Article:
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Review: 3rd Act's HAMLET is Wondrous Strange

3rd Act Theatre Company closes out Season 3: UNKNOWN with HAMLET

Review: 3rd Act's HAMLET is Wondrous Strange
photos by April Porterfield

3rd Act Theatre Company's Season 3 closer, Hamlet, runs now through May 28th at their indoor space in North Park Mall. Reimagined and adapted by Dakota Lee Bryant, this version of Hamlet is immersive and gender-bent. One of Shakespeare's most quoted plays, Hamlet is known for being complex and poetic, dark, and even sinister. Bryant directs this production and has amassed a cast of thirteen strong players to pull off this tale with heart and honesty.

Bryant has brought the stage out, creating a catwalk of sorts in the center, and allowing for the action to move out into the audience. The seats have been turned sideways, so everyone has a unique view. The actors also utilize the sides and back of the house, entering and exiting around the audience throughout the performance. This immersive quality adds to the immediacy and builds the tension as the story unfolds.

Young Hamlet returns home to find that her father, the king, has died. In his place and on his throne sits her uncle Claudius, married to her widow mother. Hamlet is outraged and determined to avenge her father. She's also haunted by ghosts of her past and sets out on a path where destruction is sure to follow.

Kathy Skaggs is our heroine Hamlet. Skaggs is full of fire and passion as Hamlet. She's a powerhouse on stage, commanding each scene and reciting the most complex of Shakespearean dialogue. She's smooth and cold, confident and alert. Skaggs softens at times, and her tender scenes are just as moving. Skaggs has palpable chemistry with Ophelia, and truly creates gorgeous moments with every cast member she shares the stage with. Nobody misses the traditional male casting, and Bryant could not have found a better Hamlet, male or female.

Jacey Nichole is haunting as Ophelia. She reflects Hamlet's past in her own eyes, and the love and heartbreak that passes between them has the audience swooning. Nichole creates an especially powerful character when tragedy strikes and Ophelia loses more than one person can take.

Rachel Morgan is Ophelia's mother Polonius. Polonius is another character who is traditionally male, yet the story is made all the better by gender-swapping the role. Morgan is sympathetic and earnest, and turns the plot on its head when truths and weapons fly.

Denise Hughes is a standout as Hamlet's mother Gertrude. She's worried for her daughter and left with little choice in life, as women often were, and are even still. Hughes is powerful in her emotional expression and brings tears to the eyes of anyone watching. Taylor Reich is equally strong as Gertrude's new husband and newly appointed King Claudius. Reich is a true villain, and his hatred of Hamlet is matched by hers for him.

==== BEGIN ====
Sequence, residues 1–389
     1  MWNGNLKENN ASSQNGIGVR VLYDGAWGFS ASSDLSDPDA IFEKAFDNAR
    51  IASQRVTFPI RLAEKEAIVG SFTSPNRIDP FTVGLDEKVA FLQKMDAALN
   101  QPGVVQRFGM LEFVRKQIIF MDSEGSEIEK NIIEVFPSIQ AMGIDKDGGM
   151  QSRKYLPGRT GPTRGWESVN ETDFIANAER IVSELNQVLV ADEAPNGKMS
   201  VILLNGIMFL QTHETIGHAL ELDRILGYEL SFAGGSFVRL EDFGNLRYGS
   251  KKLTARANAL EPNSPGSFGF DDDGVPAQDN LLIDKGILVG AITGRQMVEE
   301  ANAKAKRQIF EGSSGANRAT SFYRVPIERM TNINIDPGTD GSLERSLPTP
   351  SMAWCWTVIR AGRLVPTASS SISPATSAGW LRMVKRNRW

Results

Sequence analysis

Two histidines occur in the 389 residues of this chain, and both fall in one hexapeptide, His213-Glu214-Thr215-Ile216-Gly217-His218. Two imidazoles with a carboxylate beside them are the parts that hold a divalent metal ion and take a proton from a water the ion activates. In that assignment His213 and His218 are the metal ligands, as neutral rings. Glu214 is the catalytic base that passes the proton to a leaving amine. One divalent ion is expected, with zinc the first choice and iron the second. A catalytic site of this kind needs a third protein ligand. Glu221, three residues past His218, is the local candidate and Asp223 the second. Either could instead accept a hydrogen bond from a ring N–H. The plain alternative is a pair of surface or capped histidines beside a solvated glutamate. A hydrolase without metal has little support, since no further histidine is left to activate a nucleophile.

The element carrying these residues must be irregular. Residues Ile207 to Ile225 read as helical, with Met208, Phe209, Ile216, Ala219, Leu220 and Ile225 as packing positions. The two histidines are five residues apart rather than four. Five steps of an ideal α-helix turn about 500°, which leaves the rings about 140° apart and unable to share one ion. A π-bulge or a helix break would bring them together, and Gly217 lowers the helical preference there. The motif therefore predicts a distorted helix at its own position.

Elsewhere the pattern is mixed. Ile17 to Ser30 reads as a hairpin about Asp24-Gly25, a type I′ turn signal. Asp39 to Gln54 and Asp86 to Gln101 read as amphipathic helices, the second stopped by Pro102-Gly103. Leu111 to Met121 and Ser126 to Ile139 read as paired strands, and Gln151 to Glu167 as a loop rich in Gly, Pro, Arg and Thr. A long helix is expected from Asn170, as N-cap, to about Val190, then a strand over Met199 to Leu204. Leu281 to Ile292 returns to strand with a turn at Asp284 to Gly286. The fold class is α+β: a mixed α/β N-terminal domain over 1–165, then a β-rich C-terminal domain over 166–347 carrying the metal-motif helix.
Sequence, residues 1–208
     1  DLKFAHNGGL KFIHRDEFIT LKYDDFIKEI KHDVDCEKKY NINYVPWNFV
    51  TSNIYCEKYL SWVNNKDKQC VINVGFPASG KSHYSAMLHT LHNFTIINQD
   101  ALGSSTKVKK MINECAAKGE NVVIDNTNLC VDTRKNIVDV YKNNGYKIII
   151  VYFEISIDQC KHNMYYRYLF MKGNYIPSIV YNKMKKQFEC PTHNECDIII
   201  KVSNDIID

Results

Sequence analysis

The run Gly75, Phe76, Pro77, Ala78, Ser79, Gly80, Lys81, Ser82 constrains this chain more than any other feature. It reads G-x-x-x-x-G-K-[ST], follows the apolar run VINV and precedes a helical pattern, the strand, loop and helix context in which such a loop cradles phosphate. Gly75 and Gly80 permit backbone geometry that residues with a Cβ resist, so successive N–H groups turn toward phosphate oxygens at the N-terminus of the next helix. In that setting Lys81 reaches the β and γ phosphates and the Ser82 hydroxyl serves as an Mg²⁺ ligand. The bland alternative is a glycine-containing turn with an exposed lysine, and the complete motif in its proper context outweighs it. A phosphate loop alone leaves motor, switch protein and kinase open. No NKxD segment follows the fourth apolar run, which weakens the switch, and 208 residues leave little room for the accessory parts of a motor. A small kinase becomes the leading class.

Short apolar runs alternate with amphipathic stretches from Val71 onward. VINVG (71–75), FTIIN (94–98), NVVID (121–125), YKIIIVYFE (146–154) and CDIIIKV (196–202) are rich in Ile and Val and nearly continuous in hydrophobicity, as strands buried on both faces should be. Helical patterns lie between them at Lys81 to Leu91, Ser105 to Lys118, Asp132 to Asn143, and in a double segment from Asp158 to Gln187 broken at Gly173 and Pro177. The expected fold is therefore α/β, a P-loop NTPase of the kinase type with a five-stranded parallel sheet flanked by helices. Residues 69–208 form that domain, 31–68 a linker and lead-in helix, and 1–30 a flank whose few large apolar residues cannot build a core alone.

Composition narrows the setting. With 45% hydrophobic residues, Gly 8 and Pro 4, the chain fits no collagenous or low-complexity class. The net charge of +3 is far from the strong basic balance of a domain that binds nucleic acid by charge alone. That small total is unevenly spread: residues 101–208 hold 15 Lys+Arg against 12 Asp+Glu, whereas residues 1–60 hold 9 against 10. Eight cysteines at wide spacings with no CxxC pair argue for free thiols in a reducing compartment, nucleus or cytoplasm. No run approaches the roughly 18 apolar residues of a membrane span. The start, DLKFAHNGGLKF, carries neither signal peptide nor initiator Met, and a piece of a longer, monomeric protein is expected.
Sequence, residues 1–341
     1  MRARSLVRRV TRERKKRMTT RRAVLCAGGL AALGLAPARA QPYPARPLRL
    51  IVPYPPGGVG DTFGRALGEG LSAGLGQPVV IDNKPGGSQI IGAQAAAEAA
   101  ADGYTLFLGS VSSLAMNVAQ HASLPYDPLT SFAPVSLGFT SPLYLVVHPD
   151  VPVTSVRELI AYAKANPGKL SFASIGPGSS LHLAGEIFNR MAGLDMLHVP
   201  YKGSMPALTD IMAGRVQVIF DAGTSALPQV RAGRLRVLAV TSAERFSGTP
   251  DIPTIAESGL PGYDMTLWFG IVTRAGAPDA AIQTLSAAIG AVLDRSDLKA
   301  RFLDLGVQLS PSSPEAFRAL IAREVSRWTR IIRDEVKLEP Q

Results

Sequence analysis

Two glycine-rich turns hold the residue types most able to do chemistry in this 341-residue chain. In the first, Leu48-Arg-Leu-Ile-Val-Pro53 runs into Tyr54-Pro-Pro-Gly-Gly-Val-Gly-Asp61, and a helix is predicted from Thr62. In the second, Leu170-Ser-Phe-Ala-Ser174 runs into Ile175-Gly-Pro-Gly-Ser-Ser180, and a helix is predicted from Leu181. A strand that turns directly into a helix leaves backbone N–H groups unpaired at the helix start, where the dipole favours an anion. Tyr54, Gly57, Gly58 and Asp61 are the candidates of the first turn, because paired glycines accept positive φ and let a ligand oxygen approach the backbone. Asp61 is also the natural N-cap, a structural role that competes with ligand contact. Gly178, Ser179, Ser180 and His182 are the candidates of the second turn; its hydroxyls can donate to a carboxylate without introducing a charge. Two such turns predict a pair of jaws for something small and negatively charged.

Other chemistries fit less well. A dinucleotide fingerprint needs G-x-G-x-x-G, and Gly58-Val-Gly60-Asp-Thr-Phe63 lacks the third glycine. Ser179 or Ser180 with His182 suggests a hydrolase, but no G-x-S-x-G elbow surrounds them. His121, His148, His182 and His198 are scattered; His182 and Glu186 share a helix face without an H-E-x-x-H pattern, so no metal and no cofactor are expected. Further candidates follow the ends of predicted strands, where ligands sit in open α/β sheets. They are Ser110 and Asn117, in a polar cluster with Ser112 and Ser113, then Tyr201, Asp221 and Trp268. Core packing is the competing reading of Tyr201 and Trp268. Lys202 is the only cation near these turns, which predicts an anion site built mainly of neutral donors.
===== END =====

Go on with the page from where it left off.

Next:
Kaelin Presley McGowan brings vitriol and grief to the role of Laertes. Laertes is out for blood, Hamlet's specifically. And he doesn't care who he has to take down to get it. Laertes is a true victim of his circumstances, and McGowan creates a relatable character. Sure, you hate him, but you don't blame him. McGowan is strapping and tough, ready to go against Hamlet and avenge his family, just as Hamlet seeks to avenge hers. Skaggs and McGowan spar verbally and physically, and when they do, the world turns upside down.

The supporting cast is dynamite, and there's really no weak link in this well-rehearsed machine. The opening night performance is reviewed, and opening nights never go perfectly. Except maybe this one. Hamlet's band of friends and co-conspirators is made of Reed Bentley as Horatio, Ford Filson as Bernardo, and Thor Bautz as Marcellus. They're loyal to Hamlet and complete the set of classic Shakespearean characters. Bentley also serves as Fight Captain alongside Kris Kuss as Fight Choreographer for the beautifully choreographed fight scenes.

The Players in the court of King Claudius serve as a reflection for Hamlet to express some of her anger. The Players bring a bit of levity and humor to the otherwise tragic tale, and they do so with style and sparkle. Maurice Quintel Simmons is Player #1, Maddie Wall is Player #2, and Filson serves as Player #3. Bautz is Player #4. They all have moments of hilarity and bring some irreverence to the play.

The dynamic duo of Rosencrantz and Guildenstern complete the cast. Kate Adams is bold as Rosencrantz, while Tasneem Al-Michael is subservient as Guildenstern. These two are fun characters who are both self-serving and ambiguous.

The production team pulls out all the stops to make this production a memorable one. Bryant and Stage Manager Michelle Hall run a smooth show that has few hiccups, and it's Shakespeare at that. Set design by Don Taylor is unique and inviting, and lighting design by Amandanell Bold is romantic and vibrant. Likewise are Bold's costumes, bringing a mix of genres, time periods, colors, and themes, the costumes coordinate with each player perfectly. Everything, simply everything, about this production is breathtaking and beautiful. Bryant is growing beautifully as a director and technician, and this is his best work yet.

Hamlet is wondrous, strange, immersive and inviting, and it's not to be missed. This theatre company is making great works of theatre art, and they're a force to be reckoned with. Like the ghost of Hamlet's father says in Act I, you must see it, and SWEAR!

HAMLET runs until May 28th, 2022 at 3rd Act Theatre Company. 3A is located inside The Shoppes at North Park Mall, across the hall from Hacienda Tacos. Tickets are available at 3rdacttheatreco.com.


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